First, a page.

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, the Rule Engine for the JavaTM
|The Original Seven Deadly Sins are supposedly the transgressions that will get you into the most spiritual difficulty. Here is my list of the original Seven Deadly Sins for which you will most certainly violate the ZenOfJess.
Greed - Not knowing enough Java
Before you use Jess, you should have a fundamental understanding of Java, since Jess is a Java API and your Jess applications will also most likely be full-blown Java applications. Much of the Jess language wraps Jess's API, and it allows you to indirectly program Java proper without the messy debug, compile, run cycle. Many times, Jess questions posted to the email list are really basic Java questions.
Don't be greedy know Java first.
Lust - Using the API before learning the Jess language
The reason that the Jess language exists is simply because certain operations, such as maintaining a rulebase, are better managed from light-weight script code than by editing Java code. For example, if a manager wants to change a business rule written in Jess, all she has to do is edit a CLP file. This is more likely to be feasible than having her check out a Java class from source control, make the change, and check it back in. Learning the Jess language first will teach you when it is best to use scripting or the Jess API.
Lust not for the API, it will be yours in due course.
Sloth - Not reading the documentation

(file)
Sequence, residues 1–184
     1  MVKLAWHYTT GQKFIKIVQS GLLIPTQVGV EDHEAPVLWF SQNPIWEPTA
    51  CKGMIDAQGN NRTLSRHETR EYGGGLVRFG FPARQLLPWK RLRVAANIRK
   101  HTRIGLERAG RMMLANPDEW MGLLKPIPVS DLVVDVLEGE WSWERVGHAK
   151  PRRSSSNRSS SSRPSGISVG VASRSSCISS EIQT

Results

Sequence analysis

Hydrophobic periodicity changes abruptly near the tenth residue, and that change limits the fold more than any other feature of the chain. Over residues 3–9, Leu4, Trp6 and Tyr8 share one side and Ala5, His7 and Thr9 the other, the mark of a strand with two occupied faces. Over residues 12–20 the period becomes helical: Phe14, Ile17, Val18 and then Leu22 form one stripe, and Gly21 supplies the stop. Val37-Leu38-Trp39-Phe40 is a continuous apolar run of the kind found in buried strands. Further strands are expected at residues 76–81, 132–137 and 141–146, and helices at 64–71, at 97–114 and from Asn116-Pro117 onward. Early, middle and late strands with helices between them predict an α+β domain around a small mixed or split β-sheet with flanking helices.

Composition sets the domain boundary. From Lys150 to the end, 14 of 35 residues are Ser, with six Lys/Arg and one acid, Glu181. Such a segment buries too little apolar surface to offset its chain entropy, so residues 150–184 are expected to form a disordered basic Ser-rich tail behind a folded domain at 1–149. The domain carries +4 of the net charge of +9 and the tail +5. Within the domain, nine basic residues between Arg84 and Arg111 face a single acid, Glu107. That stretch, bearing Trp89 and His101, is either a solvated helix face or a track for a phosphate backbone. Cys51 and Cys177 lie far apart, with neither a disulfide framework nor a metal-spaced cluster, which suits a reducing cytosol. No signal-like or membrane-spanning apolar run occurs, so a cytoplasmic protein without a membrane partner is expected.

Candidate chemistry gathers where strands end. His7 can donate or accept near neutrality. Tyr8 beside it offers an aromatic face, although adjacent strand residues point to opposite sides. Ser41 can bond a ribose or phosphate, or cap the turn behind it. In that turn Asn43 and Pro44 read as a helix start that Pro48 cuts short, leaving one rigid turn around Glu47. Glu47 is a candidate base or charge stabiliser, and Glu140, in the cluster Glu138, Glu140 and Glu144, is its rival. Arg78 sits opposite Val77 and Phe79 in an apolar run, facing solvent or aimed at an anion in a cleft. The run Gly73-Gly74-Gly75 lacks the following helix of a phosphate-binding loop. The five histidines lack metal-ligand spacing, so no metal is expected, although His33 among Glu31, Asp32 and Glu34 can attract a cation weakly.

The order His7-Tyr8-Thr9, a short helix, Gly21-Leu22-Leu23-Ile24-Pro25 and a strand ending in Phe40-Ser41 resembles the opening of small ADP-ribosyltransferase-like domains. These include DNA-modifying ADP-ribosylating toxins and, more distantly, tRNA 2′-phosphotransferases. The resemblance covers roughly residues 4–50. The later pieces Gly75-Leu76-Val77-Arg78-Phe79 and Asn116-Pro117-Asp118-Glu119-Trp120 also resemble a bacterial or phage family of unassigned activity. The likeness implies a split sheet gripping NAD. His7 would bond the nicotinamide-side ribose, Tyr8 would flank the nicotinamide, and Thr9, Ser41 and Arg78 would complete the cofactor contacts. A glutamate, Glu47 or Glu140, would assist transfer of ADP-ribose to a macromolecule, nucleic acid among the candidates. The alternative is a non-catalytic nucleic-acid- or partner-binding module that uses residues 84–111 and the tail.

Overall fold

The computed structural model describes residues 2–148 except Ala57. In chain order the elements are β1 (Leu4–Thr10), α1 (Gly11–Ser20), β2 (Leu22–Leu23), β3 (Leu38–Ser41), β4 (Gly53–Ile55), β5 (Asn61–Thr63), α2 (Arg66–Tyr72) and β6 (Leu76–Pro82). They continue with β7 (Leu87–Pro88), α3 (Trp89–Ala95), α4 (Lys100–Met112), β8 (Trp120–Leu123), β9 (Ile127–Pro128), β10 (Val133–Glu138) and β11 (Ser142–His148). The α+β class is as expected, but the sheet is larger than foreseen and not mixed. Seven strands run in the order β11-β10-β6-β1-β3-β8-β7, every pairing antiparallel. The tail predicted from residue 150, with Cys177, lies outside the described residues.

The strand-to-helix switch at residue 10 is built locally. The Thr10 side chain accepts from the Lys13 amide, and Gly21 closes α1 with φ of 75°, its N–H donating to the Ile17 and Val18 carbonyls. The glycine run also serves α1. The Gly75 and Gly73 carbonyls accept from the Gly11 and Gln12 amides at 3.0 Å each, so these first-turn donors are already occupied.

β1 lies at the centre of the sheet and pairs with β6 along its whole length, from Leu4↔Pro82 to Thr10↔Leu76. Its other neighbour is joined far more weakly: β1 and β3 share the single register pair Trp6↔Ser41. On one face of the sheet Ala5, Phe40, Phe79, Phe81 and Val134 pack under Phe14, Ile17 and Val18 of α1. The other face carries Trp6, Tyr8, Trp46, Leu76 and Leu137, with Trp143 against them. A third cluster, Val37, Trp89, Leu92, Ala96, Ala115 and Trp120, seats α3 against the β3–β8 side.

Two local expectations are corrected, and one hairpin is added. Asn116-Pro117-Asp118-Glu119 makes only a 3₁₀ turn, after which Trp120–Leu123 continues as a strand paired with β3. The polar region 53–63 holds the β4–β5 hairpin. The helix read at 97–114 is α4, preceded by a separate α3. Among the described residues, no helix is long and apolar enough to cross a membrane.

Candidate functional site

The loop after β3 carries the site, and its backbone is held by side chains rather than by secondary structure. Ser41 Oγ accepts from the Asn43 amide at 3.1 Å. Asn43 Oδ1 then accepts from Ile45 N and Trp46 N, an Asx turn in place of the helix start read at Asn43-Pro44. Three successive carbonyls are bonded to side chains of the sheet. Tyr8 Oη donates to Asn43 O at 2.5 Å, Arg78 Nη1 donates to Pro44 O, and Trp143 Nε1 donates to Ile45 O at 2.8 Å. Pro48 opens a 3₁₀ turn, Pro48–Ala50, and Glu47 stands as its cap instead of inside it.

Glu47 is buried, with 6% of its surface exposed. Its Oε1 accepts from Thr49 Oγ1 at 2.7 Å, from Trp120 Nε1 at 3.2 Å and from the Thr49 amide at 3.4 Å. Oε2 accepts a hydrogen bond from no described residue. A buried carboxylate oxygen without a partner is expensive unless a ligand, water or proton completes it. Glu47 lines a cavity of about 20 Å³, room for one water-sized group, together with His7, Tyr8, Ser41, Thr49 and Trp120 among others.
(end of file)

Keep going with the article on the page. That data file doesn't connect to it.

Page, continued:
You will make many, many silly mistakes if you do not read the documentation before you start coding. It only takes a few hours to skim it all, but 2-3 times that if you really work the examples and do some experimenting. You should also skim the function lists and the reference links.
"We excuse our sloth under the pretext of difficulty." -Marcus Fabius Quintilian
Anger - Calling functions on LHS of a rule
Anger is what Dr. Friedman-Hill will choke back when you put (> 3.1415 x) on left-hand side (LHS) of a rule and then you ask," What went wrong?" Once you start coding, understand that with very few exceptions, the LHS of a rule is reserved for patterns only. Function calls are (typically) the actions that happen when patterns are matched. They go on the right-hand side (RHS) of rules only.
If you mix the two, you will have errors which in turn will make you angry.
Envy - Forcing rules to fire in a special order
If you are trying to make rules fire in a particular order, then you do not understand how rule engines work. Your determination to make Jess work like a procedural program is enviable, but ask the email list for help Dr. Friedman-Hill in particular.
Pride - Growing emotionally attached to your code
Before spending the time coding a complex and lengthy implementation, post your idea on the email list to get some feedback. More often than not, the experienced Jess users can help you find a better way to achieve what you want in less time. Otherwise, if you invest hours in a pile of bad code, you will be less likely to abandon it and be open to new ideas. This will translate to carrying bad habits forward into your next project.
Remember, pride goeth before the fall or code review.
Gluttony - Not having a clear purpose for using Jess
There is a nearly thirty-five year body of literature on rule-based expert systems (also called production systems or production rule systems) that outlines how such systems are built, how knowledge is stored as rules, how data is encapsulated as facts, and how logical inferences are made with the two. I am not saying that you should do an exhaustive literature search before using Jess. However, you should thoroughly investigate how rule-based expert systems work before you try to build one even a trivial one, and you should have a clear reason why you need one (as opposed to some simpler algorithmic solution).
Dont be a glutton for punishment perform your technical due diligence before selecting a tool like Jess.
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Last Edited: 10 November 2005